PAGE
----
WASHINGTON -- This week's Republican filibustering of judicial nominee Caitlin Halligan brought to light a whole bunch of ironies.
In Slate, Dahlia Lithwick writes about the filibuster as exposing Senate Republicans' ironic and hypocritical attitudes toward judges and the judicial system.
Helligan, a 1995 Georgetown Law grad and former clerk for Justice Stephen Breyer who has practiced before the U.S. Supreme Court and represented New York state in different senior capacities, was well-regarded and widely endorsed when President Obama nominated her to the United States Court of Appeals for the District of Columbia Circuit.
Sen. Charles Grassley (R-Iowa), the ranking GOP member on the Senate Judiciary Committee, more or less came out and said that Halligan's nomination was blocked as payback for previous blockage of Republican nominees to the D.C. Circuit.
It was also because so many of that court's judges rise to the U.S. Supreme Court -- the D.C. Circuit is something of a feeder for the U.S. Supreme Court. Four of the sitting justices sat on the D.C. Circuit. It now has three vacancies; Halligan would have filled the vacancy created in 2005 when John Roberts became the Supreme Court's chief justice.
Conservatives cast Halligan as a gun-hating liberal activist with an alarming and dangerous pro gay marriage agenda. Lithwick notes that Halligan's detractors in the Senate used a a sentence fragment from one piece of Halligan's work -- a legal opinion about same-sex marriage in New York state -- taken out of context, to show her as an extremist.
Some of these senators, Lithwick writes, at the same time hypocritically showed they believed that regulations in place preventing television cameras in courtrooms should be maintained, since to find otherwise might lead to "snippets" of legal arguments being broadcast without context:
Oh no, not snippets! ("Snippets" is the judicial term of art for what would happen if Stephen Colbert got hold of videotapes of oral arguments.) All morning we were treated to the loftiest explications of how legal thinking is far too complicated for Americans to consume without their brains imploding from the effort. (In 1989 Justice Scalia explained, "That is why the University of Chicago Law Review is not sold at the 7-Eleven.") Today we heard that allowing cameras in the court might confuse young people about civics. Sen. Jeff Sessions (R-Ala.) said nobody can be expected to comprehend oral argument without reading all the briefs. So which is it? Is the law so simple that a mere sentence can capture an entire judicial career, as it does when Halligan writes? Or is it so complex that even gavel-to-gavel coverage of a case will fail to clarify its bottomless mysteries? Republicans today argued that it's both.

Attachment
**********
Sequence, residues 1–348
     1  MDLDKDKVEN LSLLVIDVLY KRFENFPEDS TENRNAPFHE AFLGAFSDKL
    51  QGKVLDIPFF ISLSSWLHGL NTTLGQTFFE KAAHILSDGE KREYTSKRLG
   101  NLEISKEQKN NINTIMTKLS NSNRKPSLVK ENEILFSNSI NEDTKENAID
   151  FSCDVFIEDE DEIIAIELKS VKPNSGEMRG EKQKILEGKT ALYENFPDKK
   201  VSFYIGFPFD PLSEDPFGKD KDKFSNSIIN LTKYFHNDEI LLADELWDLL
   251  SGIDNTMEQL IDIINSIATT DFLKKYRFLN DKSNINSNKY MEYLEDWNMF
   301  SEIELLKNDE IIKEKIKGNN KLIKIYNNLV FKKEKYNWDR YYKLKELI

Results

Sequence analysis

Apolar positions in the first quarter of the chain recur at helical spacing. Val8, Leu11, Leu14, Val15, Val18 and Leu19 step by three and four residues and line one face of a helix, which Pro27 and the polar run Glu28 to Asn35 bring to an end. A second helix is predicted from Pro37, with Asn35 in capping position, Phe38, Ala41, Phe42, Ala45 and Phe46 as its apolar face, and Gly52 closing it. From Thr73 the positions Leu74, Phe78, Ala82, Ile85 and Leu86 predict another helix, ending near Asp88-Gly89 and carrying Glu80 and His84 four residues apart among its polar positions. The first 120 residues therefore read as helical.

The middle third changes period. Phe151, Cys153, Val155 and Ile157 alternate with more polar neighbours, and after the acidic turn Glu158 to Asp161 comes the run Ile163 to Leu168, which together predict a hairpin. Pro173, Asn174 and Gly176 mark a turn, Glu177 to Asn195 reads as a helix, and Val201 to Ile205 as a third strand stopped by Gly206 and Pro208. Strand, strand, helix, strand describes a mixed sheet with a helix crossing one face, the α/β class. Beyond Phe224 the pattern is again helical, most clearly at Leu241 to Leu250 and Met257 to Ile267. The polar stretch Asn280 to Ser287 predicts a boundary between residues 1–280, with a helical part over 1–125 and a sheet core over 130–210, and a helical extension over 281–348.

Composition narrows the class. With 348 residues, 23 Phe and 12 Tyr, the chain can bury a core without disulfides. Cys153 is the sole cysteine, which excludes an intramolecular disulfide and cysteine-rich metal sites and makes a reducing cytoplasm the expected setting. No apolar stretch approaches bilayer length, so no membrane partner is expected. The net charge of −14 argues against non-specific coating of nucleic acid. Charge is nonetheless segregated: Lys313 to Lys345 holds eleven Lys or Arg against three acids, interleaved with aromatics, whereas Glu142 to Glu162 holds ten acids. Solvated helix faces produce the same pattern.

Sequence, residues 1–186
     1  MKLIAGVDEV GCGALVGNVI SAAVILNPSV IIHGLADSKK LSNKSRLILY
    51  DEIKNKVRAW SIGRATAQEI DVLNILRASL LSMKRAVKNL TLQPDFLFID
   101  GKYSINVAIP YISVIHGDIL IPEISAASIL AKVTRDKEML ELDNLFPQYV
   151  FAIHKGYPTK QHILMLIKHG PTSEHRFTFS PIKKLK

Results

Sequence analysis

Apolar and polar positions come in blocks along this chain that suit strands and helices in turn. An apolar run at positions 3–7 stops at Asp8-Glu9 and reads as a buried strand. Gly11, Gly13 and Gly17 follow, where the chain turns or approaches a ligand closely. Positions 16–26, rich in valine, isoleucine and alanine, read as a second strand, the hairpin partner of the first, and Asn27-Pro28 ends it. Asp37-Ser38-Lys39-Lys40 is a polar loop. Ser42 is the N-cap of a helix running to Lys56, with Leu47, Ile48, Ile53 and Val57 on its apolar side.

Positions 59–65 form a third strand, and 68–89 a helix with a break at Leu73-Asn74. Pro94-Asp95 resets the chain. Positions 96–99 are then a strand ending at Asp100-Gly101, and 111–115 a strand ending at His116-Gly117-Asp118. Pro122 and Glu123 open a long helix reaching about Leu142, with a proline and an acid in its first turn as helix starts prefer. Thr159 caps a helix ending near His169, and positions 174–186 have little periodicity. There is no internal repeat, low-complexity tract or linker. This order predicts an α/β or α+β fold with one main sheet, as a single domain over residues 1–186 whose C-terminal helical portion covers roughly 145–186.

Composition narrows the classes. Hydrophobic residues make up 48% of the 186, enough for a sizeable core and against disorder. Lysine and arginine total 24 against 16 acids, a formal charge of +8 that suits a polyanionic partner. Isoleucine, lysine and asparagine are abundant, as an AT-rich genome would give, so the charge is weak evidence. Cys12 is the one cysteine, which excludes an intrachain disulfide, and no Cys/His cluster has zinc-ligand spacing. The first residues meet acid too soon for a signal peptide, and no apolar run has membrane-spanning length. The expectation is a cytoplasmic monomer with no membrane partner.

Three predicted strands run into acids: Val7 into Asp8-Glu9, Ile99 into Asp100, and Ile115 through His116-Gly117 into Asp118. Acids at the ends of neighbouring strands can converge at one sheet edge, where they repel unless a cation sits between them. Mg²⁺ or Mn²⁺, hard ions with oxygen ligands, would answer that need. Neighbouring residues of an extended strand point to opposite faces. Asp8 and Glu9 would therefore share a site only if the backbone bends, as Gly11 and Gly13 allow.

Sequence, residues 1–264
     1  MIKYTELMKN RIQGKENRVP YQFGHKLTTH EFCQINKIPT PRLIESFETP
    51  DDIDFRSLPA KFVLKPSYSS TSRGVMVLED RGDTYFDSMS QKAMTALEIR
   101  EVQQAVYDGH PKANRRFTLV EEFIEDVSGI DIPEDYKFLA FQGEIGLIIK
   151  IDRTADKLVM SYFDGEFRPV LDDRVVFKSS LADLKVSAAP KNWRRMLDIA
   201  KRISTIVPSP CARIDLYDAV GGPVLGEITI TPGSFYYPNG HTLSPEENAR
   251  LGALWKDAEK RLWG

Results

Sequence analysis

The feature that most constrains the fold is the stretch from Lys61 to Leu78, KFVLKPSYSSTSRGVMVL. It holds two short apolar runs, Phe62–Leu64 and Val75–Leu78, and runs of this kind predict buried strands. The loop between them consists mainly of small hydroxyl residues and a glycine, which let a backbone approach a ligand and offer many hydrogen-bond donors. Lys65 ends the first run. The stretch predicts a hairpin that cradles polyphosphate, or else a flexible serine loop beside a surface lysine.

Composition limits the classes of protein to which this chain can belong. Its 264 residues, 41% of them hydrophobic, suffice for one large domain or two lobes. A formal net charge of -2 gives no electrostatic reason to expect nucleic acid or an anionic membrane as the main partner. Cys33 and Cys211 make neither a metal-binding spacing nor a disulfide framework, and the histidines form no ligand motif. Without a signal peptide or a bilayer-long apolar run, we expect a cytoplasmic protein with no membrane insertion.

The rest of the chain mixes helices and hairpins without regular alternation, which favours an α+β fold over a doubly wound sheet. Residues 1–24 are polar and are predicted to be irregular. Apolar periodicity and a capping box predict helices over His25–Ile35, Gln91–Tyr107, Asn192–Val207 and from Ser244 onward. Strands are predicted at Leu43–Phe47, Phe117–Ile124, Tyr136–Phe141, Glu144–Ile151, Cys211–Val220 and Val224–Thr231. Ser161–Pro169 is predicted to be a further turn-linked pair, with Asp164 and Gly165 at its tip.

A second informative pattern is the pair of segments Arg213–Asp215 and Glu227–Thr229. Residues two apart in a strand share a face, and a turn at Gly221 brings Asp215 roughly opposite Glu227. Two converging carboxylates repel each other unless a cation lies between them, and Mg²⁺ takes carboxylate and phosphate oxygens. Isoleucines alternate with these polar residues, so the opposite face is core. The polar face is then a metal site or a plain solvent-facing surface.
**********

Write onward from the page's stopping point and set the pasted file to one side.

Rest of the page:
Ed Whelan in the National Review notes a different irony exposed by the blocked nomination and its aftermath.
Sen. Charles Schumer (D-N.Y.) has been quoted everywhere lamenting that the "Gang of 14" agreement is now dead, killed by the Halligan filibuster.
In 2005, the Gang of 14 -- seven Republican and seven Democratic senators -- agreed not to block judicial nominees except under "extraordinary circumstances." This was back when Democrats were doing the filibustering, and Republicans said that blocking judicial nominations was inappropriate.
"The approach taken by Senate Republicans will have lasting consequences beyond this one nomination. It seems to me that a vote against this nominee could well be a vote to declare the gang of 14 agreement null and void," Schumer said in a widely cited statement.
"I had to chuckle at Schumer's brazen shamelessness," Whelan writes:
There was the architect of the Democrats' unprecedented campaign of filibusters against Bush 43 nominees, and thus a lead target of the Gang of 14 Agreement, having the gall to claim that Republicans were violating an agreement that expired by its own terms five years ago and that Schumer himself never accepted as in any way constraining his own conduct.
And here's another irony, if just a small one: In 2005, Caitlin Halligan successfully defended New York's law prohibiting television cameras in the courtroom.RELATED VIDEO: Then-Sen. Mike DeWine (R-Ohio) explaining at a dinner party why he joined the Gang of 14.